The Roman version of a machine gun, mounted on a fast patrol boat in the Maritime Museum in Mainz. The picture above is of the weapon mounted in the bow of the larger one, a sort of automatic bolt firing ballista, the sort of thing that would spoil any invader's day. The iron tipped "bolts" were fed in from above, each descending in turn as the operators cranked the mechanism. As the drawstring reached its full draw, a trip mechanism allowed an bolt to fall into the firing groove and the action then tripped a release allowing the bolt to be discharged and the cycle started again.
In 400 the Rhine, patrolled by ships such as those found recently at Mainz, was still a major dividing line between Roman and barbarian. Certainly some Franks had been ceded land to the west of the mouths of the Rhine, while other Germans captured in the fighting, including Franks, were settled in small groups throughout northern Gaul to serve as recruiting pools for the Roman army. The Franks in particular were just as often allies as enemies: in the late fourth century a number of them rose to be commanders-in-chief of the Roman army and even consuls. But the defensive system in Gaul, set up after the serious inroads made by the Germans in the third century, still functioned well and most of Gaul, governed still from Trier, remained secure from attack. Even in Britain the Roman army and navy successfully repelled a number of attacks by Scotti (as Romans called the Irish), by Britons and Picts from north of Hadrian's Wall, and by sea-borne Germans. Each attack brought fresh refortification in its wake; in 399, Stilicho, the German general who commanded the Roman armies in the west, himself came to Britain to supervise operations.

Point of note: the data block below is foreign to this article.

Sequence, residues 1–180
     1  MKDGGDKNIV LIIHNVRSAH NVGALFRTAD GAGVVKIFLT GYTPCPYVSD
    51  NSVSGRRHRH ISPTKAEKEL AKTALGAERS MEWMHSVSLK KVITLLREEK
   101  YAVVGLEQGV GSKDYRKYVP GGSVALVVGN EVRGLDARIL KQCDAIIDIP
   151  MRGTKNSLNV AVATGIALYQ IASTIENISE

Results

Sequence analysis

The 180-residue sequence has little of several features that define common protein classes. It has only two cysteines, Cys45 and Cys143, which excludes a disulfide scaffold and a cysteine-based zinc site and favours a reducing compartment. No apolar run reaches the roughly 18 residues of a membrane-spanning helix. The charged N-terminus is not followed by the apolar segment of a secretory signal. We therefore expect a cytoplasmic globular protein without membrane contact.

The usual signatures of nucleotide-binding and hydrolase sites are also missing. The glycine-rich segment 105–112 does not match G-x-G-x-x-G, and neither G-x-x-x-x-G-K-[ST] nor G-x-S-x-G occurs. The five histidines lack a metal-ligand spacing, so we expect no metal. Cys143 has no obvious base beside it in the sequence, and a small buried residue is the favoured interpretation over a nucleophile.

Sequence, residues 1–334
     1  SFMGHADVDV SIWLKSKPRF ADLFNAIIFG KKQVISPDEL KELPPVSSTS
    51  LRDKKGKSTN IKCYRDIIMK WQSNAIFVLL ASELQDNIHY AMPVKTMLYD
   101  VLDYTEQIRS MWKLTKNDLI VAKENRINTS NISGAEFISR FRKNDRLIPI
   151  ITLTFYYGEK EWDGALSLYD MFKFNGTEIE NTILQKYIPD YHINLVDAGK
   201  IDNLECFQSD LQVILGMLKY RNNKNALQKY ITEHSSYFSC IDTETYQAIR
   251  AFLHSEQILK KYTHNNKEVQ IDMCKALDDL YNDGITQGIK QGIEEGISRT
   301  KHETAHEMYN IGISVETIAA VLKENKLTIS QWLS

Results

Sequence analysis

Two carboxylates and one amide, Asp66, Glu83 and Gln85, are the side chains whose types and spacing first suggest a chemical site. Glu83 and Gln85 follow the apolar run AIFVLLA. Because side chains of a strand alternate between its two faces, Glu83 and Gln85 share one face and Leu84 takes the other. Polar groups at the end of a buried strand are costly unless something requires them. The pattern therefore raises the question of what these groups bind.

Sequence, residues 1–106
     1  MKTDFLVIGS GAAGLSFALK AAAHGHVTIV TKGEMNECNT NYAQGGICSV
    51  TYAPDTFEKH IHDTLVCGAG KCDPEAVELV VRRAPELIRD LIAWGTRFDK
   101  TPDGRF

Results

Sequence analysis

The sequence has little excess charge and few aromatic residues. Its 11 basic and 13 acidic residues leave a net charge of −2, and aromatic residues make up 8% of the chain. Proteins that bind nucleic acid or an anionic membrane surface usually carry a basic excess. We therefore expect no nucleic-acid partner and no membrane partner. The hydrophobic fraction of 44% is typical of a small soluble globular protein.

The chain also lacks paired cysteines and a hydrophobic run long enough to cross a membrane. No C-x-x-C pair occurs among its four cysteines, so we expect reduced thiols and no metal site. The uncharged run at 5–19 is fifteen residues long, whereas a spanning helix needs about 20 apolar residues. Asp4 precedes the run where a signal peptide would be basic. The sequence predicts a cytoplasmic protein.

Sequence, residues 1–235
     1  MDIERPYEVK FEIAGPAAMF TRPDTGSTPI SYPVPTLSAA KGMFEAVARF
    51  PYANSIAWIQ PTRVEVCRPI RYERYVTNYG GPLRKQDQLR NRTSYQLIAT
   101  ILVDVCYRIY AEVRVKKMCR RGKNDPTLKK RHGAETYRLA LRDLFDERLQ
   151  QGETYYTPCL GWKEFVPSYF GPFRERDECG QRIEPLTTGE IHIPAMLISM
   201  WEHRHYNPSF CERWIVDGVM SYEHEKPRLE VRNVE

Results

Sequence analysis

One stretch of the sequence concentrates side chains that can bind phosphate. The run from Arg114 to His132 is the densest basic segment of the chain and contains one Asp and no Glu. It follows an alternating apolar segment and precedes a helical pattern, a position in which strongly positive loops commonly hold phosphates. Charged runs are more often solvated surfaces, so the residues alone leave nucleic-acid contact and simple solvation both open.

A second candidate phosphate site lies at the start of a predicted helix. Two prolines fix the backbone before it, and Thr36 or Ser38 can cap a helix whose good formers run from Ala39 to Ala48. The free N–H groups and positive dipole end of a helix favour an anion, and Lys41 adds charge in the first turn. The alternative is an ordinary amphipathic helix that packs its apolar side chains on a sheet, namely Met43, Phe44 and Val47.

The Museum of Ancient Shipping